After comparing the simulations with aerosol feedbacks turned on (DEF_ANT_RAD) and off (DEF_ANT_NORAD) in the WRF-Chem model, the results (DEF_ANT_RAD–DEF_ANT_NORAD; Figs. 8a–d) suggest that ARFs in the southeastern coastal region of Fujian Province are much smaller than the effects that occur in inland China, where they play a significant role in altering meteorological parameters (Fig. S10). ARFs induce a cooler 2-m air temperature with a mean of −0.96°C and a lowered PBL height of −69.7 m over the regions that have statistically significant changes (p < 0.05) in eastern China (20°–45°N, 100°–125°E). It is interesting to note that ARFs increase PM2.5 concentrations in inland China, as shown in Fig. S10 and suggested in previous studies (Gao et al. 2015; Zhang et al. 2015), whereas negative changes in PM2.5 concentrations due to ARFs are found in Fujian Province (Fig. 8e).
Table 5 summarizes the response of meteorological parameters and PM2.5 to ARFs in typical inland cities—Beijing, in the NCP, Hefei in the YRD region, and Xiamen in southeastern coastal China—along the cross section shown in Fig. 1d. Figure 9 shows the multiday and diurnal variation in changes of PM2.5 concentrations. During 1–14 December, ARFs induced a cooler temperature and lower PBL height at the three cities. ARFs increased PM2.5 concentrations by up to 7.46% (13.62 μg m−3) and 10.26% (32.49 μg m−3) in Beijing and Hefei, respectively, but decreased by 3.14% (−1.91 μg m−3) in Xiamen. This indicates that PM2.5 increases in Beijing and Heifei are associated with the PBL height reduction (Figs. 9a,c), which is in line with previous studies focused on the NCP (Gao et al. 2015; Zhang et al. 2015), whereas changes in PM2.5 concentrations are not related to changes in PBL in Xiamen (Fig. 9e), indicating that the mechanisms modulating changes in PM2.5 in Xiamen might be different from that in Beijing and Hefei.
The multiday variations of PM2.5 due to ARFs in Xiamen (Fig. 9f) show that ARFs induce both positive and negative changes in PM2.5 concentrations. Positive changes occur during episodes P1 and P2 when the PM2.5 peaks are related to local accumulation of pollutants under short periods of calm weather conditions. The PBL height is significantly decreased (−150 m) during episode P1, and the wind speed is significantly decreased (−0.28 m s−1) during the P2 period, which increases the local pollutants, respectively (Fig. 10). ARFs’ impacts in the two episodes are basically consistent with that in Beijing and Hefei.
It is interesting to note that negative effects of ARFs on PM2.5 concentrations are found during episodes A and C and clean episode B, when PM2.5 concentrations were affected by air masses transported from long distances via the CS, NE, and OE pathways. During episode A, ARFs induce northwesterly wind anomalies at Xiamen (Fig. S11a), which can push away the PM2.5 convergence zone (Fig. 7c) leaving the coastline and decrease PM2.5 in Xiamen. The changes in 10-m winds are not significant, resulting in limited and short-term decreases in PM2.5 concentrations. During clean episode B, ARFs induce stronger southeasterly wind anomalies (Fig. 10c), bringing relatively clean air from the ocean (Fig. S11c). Meanwhile, ARFs increase the local PBL height, which helps the dispersion of pollutants and further lowers PM2.5 concentrations (Fig. 10b). During episode C, when there is a cold surge on 9–10 December, the cross section of ARFs indicates that the reduced PBL height further enhances the blocking of northern particulates crossing the terrain (Fig. 11b).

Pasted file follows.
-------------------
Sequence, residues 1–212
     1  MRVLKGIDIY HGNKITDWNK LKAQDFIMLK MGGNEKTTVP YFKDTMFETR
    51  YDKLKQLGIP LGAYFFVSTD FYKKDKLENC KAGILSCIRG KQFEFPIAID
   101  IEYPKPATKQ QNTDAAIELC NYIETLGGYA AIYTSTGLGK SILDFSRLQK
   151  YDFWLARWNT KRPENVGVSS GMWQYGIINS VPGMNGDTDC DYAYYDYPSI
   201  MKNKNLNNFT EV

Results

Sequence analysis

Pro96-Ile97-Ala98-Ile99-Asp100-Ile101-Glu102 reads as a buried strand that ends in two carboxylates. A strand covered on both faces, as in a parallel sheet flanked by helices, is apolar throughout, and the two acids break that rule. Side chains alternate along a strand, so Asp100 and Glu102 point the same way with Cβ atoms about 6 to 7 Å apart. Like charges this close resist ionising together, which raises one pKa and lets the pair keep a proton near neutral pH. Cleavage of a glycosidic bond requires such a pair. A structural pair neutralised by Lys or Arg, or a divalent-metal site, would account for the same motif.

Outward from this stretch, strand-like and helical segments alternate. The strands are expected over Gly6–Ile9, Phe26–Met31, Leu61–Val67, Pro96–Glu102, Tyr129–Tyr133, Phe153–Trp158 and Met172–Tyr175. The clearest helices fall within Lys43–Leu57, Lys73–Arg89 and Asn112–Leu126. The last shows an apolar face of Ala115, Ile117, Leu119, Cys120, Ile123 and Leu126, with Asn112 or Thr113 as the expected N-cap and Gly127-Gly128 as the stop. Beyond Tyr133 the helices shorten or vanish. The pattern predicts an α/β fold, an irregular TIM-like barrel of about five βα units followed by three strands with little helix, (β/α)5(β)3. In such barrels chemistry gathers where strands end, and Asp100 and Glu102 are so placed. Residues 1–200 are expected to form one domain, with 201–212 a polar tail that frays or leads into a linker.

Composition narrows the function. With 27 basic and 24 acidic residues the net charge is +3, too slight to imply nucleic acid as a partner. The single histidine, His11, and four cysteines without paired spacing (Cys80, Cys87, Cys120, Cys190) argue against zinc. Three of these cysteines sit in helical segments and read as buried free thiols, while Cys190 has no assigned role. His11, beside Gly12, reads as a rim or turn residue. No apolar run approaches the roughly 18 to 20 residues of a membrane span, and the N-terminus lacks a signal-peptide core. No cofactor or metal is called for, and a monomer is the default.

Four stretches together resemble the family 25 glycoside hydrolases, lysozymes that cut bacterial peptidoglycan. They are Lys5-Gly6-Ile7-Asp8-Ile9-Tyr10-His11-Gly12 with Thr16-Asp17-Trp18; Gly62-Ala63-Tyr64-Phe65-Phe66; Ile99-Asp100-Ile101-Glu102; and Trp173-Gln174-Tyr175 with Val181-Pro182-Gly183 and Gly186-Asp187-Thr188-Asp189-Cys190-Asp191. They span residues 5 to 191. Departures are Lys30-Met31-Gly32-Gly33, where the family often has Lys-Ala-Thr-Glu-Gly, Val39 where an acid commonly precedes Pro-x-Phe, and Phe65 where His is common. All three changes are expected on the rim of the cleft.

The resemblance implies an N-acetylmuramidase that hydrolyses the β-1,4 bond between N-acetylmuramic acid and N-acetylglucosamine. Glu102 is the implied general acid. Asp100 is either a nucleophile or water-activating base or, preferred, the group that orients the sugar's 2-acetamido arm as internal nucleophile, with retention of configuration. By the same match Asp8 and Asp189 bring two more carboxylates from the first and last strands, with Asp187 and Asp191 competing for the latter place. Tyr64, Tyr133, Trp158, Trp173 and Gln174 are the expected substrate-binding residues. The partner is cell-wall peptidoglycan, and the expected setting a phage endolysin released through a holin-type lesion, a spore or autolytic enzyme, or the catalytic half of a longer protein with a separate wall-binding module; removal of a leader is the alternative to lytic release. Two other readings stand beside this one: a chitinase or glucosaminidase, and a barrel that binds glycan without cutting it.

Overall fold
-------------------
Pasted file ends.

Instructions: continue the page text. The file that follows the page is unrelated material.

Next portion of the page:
6. Effects of emission reduction scenarios on PM2.5 in Fujian
On 8 December 2014, the Xiamen municipal government declared air quality control targets for 2014–20 and intended to keep the annual PM2.5 concentrations below 55 μg m−3. The potential for exceeding the PM2.5 standards is ultimately determined by emissions. Air quality in Fujian Province is affected by various emission sources, both internal and external. To provide guidance for decision-makers, three sensitivity simulations are conducted to quantify how the air quality in terms of PM2.5 in Xiamen is affected by emission reductions by two major external contributing sources (the NCP and YRD regions) and an internal source (Fujian; Fig. 12). The scenarios are presented in Table 3. As anticipated, the sums of PM2.5 concentrations from individual emission sources are not equal to the total concentration. The differences are represented as residual components in Fig. 12. Large residuals in the current sensitivity simulations are likely related to the nonlinear chemical productions due to different precursors’ concentrations in each emission reduction scenario. Further research studying chemical species formation in these cases and a sensitivity test for each sector’s emission reductions is recommended.
Nevertheless, the multiday PM2.5 variations in Xiamen (Fig. 12) show that the contribution of external and internal sources change under different atmospheric circulation patterns. The PM2.5 concentrations are more sensitive to emission reductions in Fujian under stagnant weather conditions. There are 41.6% of PM2.5 associated with Fujian emissions, and only 7.4% is from YRD, and 5.6% is from NCP during haze episode P1 (the night of 4–5 December), while during 9–10 December, PM2.5 from Fujian emissions decreases to 8.8%, whereas those from the YRD and NCP emissions increase to 16.6% and 12.1%, respectively. Therefore, PM2.5 levels are strongly influenced by emissions in the two major external sources (NCP and YRD), especially during cold surges when plume impingements are favored with northerly winds so that external emissions contribute mostly to the extreme peak concentrations. Since a weak winter monsoon and a decline in cold surges have been shown for the recent years (Niu et al. 2010; Qu et al. 2015) because of global climate change, it is likely that air quality in Xiamen is more related to local emissions, and the municipal government thus should implement more aggressive emission reduction policies in addition to the nationwide reduction strategies. Cooperation with external emission reduction is also required to mitigate the extreme haze associated with long-range pollutant transport to Xiamen.